Sunday was our first full day in the city. We had reservations to visit the 9/11 Memorial that night at 5:00 PM, but otherwise our day was wide open. My friend, Balie, was supposed to come with us to the 9/11 Memorial, but ended up being out of town until late that evening, so it was just Valerie & me.
We walked to Dunkin Donuts for breakfast and I tried their hazelnut iced coffee. It was so gross! It didn’t occur to me that there wouldn’t be anything sweet about it. Just coffee, milk, and ice. It was incredibly bitter and I was thankful I had only wasted 99 cents on it. After one sip, a pack of Splenda, two more sips, and some very unattractive facial expressions, it went in the garbage.
Once breakfast was over, we had solidified our plans for the day – Statue of Liberty, Brooklyn Bridge (if we had time), and 9/11 Memorial. It seemed like a lot crammed into one day, but we would just see how much time we had to work with. In my experience visiting the Statue of Liberty, one time the line was very short and one time the line was so long that we stood in it for about two hours before boarding the ferry. This time was the fastest ever. But before we got to the Statue of Liberty, we had some subway drama.
A nice gentleman approached us in the subway station as we were waiting for the train and asked if we knew how to get to the Statue of Liberty. We told him that’s where we were heading too, so he was welcome to just follow us. We all got on the train and as we were riding, an announcement came over the speakers that the last stop for this train was going to be a stop that was well before the Statue of Liberty stop. Hmmm. Repair work is in progress further down the line, so we had to regroup. I went from being the helper to the one needing help. We put our brains together and I’m so thankful this other tourist was around. He ended up helping me more than I helped him. We finally figured it out and exited the subway exactly where we needed to, sending us right down the path to buy Statue of Liberty tickets.
The total time it took to buy our tickets, walk the pathway, go through security, and board the ferry was maybe ten minutes. It was amazing. We got some great photos on the ferry to Liberty Island. It was so windy, I was worried my beloved beanie that my sister made for me a few Christmases ago (thank you, Ashley!) was going to fly off my head and into the Hudson River. Fortunately, it did not.
Oh, we shared a snack of french fries. Yum. While we were eating them, I got a text from Sheri & Keesha. They were headed to New Jersey to eat at the Grimaldi’s over there & invited us to join them. Unfortunately, we were full and also still had a little more to see and do on Liberty Island. So that was Grimaldi’s failed attempt #1, but it sure was kind of them to invite us!
We skipped Ellis Island and stayed on the ferry back to Manhattan. From there, we took the subway back to the hotel to charge my phone – it was the only camera I brought – and put on some warmer clothes for the 9/11 Memorial that night. We had no problems finding our way back to the hotel, thanks to backtracking our route with the fellow tourist from earlier!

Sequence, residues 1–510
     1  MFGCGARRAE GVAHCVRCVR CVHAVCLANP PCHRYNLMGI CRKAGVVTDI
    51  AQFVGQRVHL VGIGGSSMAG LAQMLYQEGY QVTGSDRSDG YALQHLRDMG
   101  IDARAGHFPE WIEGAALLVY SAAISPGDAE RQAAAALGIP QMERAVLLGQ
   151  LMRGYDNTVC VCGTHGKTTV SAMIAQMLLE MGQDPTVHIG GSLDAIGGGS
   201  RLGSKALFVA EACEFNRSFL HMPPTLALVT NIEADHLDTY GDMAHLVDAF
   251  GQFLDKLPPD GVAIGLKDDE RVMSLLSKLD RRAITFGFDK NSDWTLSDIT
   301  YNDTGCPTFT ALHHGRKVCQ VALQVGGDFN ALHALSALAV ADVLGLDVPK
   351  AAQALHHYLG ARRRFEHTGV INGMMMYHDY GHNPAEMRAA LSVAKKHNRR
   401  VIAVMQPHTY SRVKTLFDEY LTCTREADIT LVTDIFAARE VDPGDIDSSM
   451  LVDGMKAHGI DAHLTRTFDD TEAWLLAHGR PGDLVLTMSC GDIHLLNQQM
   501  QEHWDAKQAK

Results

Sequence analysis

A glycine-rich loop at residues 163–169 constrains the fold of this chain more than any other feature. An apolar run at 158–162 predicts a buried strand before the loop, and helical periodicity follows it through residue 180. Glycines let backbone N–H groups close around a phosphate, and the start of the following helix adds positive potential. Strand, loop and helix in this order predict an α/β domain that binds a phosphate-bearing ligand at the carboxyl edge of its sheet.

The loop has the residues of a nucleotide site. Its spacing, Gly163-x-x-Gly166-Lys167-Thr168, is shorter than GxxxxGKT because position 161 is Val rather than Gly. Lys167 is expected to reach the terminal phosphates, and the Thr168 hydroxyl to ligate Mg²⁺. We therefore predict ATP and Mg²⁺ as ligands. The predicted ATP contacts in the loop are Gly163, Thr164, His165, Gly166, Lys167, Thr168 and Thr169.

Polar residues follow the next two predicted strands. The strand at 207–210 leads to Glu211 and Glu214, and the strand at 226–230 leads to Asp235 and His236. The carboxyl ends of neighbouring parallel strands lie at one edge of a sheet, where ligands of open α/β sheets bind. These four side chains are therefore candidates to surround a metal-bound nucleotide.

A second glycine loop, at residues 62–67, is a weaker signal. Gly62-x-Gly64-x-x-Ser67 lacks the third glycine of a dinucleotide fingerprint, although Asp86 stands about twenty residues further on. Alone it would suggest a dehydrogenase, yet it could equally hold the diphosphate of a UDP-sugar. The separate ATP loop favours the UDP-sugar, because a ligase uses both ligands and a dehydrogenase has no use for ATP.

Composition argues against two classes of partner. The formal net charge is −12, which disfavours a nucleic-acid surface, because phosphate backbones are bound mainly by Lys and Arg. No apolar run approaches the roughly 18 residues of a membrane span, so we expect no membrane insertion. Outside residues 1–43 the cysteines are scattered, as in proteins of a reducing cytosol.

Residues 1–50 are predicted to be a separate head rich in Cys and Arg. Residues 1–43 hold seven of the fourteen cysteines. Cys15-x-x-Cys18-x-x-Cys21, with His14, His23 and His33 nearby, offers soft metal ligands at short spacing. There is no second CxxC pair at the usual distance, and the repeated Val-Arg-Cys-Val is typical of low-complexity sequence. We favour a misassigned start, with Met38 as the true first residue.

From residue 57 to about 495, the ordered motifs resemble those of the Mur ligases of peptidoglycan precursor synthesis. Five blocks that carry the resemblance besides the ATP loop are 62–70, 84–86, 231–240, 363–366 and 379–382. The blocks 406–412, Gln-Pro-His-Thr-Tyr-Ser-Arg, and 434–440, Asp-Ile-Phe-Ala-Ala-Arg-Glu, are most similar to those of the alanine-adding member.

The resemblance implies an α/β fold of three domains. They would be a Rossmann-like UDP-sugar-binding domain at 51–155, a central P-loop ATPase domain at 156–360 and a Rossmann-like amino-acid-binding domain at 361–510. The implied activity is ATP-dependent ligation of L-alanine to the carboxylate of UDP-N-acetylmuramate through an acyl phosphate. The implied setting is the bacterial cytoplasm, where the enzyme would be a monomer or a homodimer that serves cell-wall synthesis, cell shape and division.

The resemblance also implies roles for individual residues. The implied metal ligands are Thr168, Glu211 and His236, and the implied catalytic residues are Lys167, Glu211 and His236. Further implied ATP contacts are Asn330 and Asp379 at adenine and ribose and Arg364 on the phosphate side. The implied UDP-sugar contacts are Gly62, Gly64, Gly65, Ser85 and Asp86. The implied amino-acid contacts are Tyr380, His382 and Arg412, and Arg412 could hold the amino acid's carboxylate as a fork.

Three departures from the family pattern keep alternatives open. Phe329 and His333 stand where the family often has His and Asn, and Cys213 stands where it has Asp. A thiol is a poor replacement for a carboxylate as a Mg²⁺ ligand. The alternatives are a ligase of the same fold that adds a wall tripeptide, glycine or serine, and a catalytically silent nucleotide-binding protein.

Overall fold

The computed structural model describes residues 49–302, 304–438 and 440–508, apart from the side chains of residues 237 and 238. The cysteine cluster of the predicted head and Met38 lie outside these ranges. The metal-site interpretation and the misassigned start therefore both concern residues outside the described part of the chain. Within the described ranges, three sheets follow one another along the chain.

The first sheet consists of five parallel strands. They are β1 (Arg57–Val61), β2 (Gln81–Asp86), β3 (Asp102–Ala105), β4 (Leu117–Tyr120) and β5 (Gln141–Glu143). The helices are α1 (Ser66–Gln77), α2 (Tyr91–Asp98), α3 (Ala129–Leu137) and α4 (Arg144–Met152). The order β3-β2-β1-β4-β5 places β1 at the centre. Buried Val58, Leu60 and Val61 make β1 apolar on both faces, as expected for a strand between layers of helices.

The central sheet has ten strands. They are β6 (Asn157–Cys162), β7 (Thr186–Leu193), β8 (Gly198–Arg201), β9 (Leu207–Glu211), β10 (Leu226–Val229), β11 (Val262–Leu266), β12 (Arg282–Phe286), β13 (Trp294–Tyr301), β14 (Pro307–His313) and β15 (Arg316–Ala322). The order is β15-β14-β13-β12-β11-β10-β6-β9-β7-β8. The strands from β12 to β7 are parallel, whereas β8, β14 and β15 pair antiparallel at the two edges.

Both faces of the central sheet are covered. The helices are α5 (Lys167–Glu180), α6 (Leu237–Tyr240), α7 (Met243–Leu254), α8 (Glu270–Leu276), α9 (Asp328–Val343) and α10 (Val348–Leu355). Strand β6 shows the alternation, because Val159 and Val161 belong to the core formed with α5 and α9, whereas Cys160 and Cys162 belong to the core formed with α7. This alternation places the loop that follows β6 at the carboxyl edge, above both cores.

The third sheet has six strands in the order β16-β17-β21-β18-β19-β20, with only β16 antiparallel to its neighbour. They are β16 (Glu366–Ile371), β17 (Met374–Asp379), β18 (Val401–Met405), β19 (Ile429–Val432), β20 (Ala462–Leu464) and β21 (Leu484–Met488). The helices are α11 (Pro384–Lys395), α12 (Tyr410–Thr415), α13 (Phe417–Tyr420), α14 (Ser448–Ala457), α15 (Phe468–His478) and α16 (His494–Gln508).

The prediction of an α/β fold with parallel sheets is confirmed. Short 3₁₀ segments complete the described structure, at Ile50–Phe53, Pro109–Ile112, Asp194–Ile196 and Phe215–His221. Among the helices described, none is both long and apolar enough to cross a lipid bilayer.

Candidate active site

When it came time to head back to lower Manhattan for the 9/11 Memorial, we boarded a pretty crowded subway. It was standing room only at that point, and when I reached for one of the bars to hold on to, I noticed a lady standing in front of me in her panties. I remember thinking to myself – Is she in her panties? I think she is. Weird. Whatever. There are some strange folks in this city. After one stop, some seats opened up, so I took a seat. That’s when I noticed a guy in purple briefs. Then I noticed some other guys in boxer shorts. It hit me. Oh goodness. This is a thing. I’ve heard of this before. It’s a bunch of people riding the subway in their underwear. They’re doing this for what they think is a reason. Then another thought hit me. Yikes. Good thing I’m not two seats down or I’d be eye level with Mr. Purple Brief’s nether regions. That would be awkward! Then another thought. Okay, Valerie must not have noticed any of this yet, because she’s way too outspoken to just ignore it! Suddenly, we pulled into one of the busier stations. I believe it was 42nd Street/Times Square. It was just a sea of bare legs, as far as the eye could see. Valerie noticed! The subway slowed to a stop and this was our stop to make a transfer to another train. We got off the train and Valerie was like, “What the —-? These are the hookers!” (This makes me laugh every time!) I told her, “No, this is a thing. They do this once a year or something. People ride the subway in their underwear. I’m not sure what they think the reason is.” Valerie said, “Attention. Let’s get the —- out of here! Bunch of —holes! If any of these people bump into me, I’m gonna be so mad! This is so gross!” We made our way to our train as Valerie spouted profanities and gave people looks of disgust. I, on the other hand, was trying to just ignore their desperate cry for attention, but Valerie was cracking me up!